Performa Film Program: Not Funny:

Performa Film Program: Not Funny: Piece to Camera

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$9 / $7 students/seniors / $6 AFA Members

In the seventies, several California-based artists began making minimalist videos of themselves performing humorous conceptual experiments. Whether through deadpan monologues (William Wegman), comic task-based structures (John Baldessari), absurd comments and confessions (Cynthia Maughan), or psychologically-charged role-playing (Eleanor Antin), all of these artists played in some way with the delivery style of stand-up. 

William Wegman
Various works
1970-78, approx. 15 min, video

John Baldessari
Baldessari Sings LeWitt
1972, 13 min, video

Cynthia Maughan
Scar/Scarf, Frozen and Buried Alive, Marzipan Pigs, Tamale Pie, Coffin from Toothpicks, Razor Necklace, Taking Medicine with Gloves On, The Way Underpants Really Are
1973-78, approx. 10 min, video

Eleanor Antin
The Little Match Girl Ballet
1975, 26 min, video


Curated by Lana Wilson. With special thanks to Josh Kline (EAI), Jed Rapfogel (Anthology), RoseLee Goldberg and Mark Beasley.

There are no advance sales for this event. Tickets may be purchased at Anthology Film Archives 30 minutes before showtime.

Part of the film series Not Funny: Stand-Up Comedy and Visual Artists.


About Not Funny

In the late 1960s, the one-liner style of conventional Borscht belt stand-up began to be supplanted by a radical new group of comics—performers who wrote their own material, often laced with daring social and political commentary, that  pushed the audience into uncharted territory, shaking up traditional ideas about what was funny, and about where entertainment ended and life began. Inspired by the provocative performances of Lenny Bruce, this new wave of comedians in the 1970s—including Richard Pryor and Andy Kaufman—shocked audiences with everything from obscenity, to brutal personal confession, to performance art-inspired antics that left some wondering what the joke was about. Even so, they gained enormous popular followings.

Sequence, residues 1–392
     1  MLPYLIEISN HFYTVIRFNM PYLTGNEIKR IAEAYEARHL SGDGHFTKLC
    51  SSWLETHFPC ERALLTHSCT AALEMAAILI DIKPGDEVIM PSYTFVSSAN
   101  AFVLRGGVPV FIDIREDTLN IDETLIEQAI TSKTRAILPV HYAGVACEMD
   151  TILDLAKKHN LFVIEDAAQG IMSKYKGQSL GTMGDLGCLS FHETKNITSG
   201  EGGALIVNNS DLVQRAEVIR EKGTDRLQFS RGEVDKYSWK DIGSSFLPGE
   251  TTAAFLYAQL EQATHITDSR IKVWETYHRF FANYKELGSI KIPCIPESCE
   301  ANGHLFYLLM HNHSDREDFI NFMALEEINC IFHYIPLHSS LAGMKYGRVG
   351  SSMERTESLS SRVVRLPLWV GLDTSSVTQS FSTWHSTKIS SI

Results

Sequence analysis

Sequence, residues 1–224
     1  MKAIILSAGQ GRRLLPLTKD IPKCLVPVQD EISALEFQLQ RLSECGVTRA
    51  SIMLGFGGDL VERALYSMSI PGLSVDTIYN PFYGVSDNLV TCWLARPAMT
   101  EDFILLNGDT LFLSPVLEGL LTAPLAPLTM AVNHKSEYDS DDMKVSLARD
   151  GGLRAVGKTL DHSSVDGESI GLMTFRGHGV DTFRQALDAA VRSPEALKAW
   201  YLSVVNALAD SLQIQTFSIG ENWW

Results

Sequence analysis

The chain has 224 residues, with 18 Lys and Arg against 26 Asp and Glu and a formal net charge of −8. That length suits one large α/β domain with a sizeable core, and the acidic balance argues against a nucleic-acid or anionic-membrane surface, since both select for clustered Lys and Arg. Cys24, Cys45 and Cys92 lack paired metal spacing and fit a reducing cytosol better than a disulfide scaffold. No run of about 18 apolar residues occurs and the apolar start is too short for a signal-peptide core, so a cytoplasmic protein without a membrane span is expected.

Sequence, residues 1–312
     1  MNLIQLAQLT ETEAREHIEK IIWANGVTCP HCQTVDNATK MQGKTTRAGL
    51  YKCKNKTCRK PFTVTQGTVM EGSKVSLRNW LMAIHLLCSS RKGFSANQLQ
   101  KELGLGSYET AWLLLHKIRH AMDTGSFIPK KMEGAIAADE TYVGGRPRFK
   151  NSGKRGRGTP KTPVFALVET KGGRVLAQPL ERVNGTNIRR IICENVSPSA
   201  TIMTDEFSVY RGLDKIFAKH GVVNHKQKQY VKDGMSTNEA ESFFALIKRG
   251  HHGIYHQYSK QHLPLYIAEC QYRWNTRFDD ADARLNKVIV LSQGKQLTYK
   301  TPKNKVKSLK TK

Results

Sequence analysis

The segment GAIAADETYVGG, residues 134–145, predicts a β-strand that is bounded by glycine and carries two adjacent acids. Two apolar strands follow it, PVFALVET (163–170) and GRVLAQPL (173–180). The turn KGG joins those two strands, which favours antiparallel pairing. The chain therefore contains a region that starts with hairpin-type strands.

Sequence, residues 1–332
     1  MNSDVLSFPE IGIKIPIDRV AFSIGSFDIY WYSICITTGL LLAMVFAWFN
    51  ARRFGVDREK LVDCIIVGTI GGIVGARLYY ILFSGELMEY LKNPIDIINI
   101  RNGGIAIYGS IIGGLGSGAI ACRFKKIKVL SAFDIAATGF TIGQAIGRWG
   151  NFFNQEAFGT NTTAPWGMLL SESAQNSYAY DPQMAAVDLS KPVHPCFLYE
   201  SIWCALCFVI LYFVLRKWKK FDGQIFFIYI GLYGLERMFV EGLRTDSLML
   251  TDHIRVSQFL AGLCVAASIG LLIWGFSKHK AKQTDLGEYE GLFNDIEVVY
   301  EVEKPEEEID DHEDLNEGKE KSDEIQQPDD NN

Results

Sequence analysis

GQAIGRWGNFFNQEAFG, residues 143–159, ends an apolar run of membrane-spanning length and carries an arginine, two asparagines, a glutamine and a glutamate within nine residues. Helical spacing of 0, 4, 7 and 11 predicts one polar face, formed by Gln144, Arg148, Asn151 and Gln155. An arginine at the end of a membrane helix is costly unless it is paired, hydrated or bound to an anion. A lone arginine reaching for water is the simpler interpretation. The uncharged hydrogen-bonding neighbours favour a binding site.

At the same time, another revolution was occurring in visual art, as performance and conceptual art began to gain traction and the first consumer video cameras made it possible for artists to record themselves, often in reaction to what they saw on television, sometimes delivering deadpan routines that felt like a deconstructed version of stand-up. Some artists, such as Michael Smith, moved towards crossing over from the visual art context into the comedy world, while others, like Eric Bogosian, trained as an actor, planted the “comedy routine” firmly in the art world, with late night stands at The Mudd Club, Artists Space, and The Kitchen.

Now, at a time when the internet has led to an explosion of stand-up comedy websites and video channels, this crossover between the art world and mainstream entertainment is once again more relevant than ever. Presented by the New York performance biennial Performa 11 in conjunction with a live contemporary comedy series called Performa Ha!, Not Funny will look at some of the key works produced during this remarkable era, both in the stand-up scene and the art world, and at the artists and comedians who are still influenced by this material today.

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